Ordinal characteristics of transparency.
Edward H. Adelson* and P. Anandan**
*Media Laboratory and Department of Brain and Cognitive Sciences, MIT,
Cambridge MA 02139, and **Department of Computer Science, Yale University,
New Haven CT 06520
Figure 1 shows an example of visual transparency. The image could arise from
a number of different physical causes. For example, a square of tissue paper
could be in front of a dark grey circle; or a circular shadow could be cast on a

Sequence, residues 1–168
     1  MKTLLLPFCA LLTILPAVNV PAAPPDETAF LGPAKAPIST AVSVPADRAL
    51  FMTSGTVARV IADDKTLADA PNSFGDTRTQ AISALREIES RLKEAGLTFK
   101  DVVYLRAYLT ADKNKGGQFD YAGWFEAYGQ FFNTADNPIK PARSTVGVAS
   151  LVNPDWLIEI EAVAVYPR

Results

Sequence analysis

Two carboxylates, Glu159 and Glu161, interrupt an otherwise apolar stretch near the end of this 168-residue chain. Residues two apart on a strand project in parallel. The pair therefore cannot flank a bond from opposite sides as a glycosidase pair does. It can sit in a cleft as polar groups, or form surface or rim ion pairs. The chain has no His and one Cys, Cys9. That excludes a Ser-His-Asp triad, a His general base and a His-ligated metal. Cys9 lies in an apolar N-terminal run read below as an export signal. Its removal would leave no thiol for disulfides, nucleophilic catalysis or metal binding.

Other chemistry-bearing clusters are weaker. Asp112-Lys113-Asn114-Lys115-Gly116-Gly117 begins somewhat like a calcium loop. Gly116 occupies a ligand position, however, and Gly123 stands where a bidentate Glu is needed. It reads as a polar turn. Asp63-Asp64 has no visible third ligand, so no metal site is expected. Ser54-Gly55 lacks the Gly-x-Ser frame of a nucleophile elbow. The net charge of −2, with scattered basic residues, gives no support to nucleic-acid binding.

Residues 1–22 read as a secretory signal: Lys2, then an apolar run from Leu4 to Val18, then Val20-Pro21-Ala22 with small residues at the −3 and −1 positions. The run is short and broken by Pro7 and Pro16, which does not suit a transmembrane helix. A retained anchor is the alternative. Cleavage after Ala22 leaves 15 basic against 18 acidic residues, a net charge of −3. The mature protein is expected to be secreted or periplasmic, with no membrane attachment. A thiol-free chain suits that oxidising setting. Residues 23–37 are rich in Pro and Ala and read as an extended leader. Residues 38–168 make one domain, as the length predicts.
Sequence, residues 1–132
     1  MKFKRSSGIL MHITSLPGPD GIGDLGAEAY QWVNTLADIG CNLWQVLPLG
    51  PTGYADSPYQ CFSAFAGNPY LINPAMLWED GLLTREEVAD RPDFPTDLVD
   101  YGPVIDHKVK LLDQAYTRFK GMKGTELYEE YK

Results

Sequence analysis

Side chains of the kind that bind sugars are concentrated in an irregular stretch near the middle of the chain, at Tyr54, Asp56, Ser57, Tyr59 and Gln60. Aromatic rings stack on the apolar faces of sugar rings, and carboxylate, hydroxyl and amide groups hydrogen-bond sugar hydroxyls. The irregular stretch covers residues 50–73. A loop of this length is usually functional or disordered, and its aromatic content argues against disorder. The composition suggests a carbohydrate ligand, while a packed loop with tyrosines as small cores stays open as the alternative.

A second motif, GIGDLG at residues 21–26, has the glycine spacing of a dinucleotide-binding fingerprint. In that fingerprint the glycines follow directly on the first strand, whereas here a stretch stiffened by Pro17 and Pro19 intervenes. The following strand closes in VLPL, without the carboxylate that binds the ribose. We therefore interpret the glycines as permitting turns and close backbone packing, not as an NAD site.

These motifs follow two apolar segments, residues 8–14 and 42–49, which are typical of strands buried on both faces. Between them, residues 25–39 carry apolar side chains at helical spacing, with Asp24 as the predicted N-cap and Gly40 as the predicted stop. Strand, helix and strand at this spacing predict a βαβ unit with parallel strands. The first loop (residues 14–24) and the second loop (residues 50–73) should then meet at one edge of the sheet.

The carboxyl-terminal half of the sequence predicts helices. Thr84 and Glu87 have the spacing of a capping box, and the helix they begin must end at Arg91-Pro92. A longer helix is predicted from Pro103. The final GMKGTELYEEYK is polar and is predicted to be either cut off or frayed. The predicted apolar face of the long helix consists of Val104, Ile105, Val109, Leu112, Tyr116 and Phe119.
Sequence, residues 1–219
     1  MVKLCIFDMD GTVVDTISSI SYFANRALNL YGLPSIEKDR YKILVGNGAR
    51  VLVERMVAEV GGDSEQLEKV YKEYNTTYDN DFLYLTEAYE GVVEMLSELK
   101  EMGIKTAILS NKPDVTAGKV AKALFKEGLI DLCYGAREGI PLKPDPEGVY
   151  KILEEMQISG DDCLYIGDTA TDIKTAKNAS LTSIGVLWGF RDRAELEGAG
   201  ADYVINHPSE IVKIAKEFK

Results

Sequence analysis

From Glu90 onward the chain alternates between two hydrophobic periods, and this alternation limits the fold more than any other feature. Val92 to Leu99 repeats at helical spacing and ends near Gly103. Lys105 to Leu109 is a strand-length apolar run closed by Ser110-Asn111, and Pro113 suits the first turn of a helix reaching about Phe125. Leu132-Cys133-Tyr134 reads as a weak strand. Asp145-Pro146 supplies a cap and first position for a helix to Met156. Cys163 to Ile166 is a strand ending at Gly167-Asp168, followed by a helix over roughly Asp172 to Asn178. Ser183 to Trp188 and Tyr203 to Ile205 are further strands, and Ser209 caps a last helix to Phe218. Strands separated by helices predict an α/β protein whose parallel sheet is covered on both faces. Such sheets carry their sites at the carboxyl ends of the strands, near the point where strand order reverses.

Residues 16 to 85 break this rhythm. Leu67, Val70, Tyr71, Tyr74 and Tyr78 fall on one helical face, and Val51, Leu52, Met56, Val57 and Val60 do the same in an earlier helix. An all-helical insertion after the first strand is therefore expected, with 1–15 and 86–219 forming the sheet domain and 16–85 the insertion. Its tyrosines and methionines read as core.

plane containing a light grey square; or a dark circular filter could be lying on
top of a light grey square. Although the physics is uncertain, one can perceive
the image as a combination of two more primitive images.
We use the term "transparency" to cover the general case of such image
combination, including what would be called "translucency" in ordinary
language. Many physical phenomena can produce transparency. For
example, dark filters, specular reflections, puffs of smoke, gauze curtains, and
cast shadows, all combine with patterns behind them in a transparent manner.
When an image has been formed by the combination of two primitive images,
then it is usually more parsimonious to describe the image in terms of that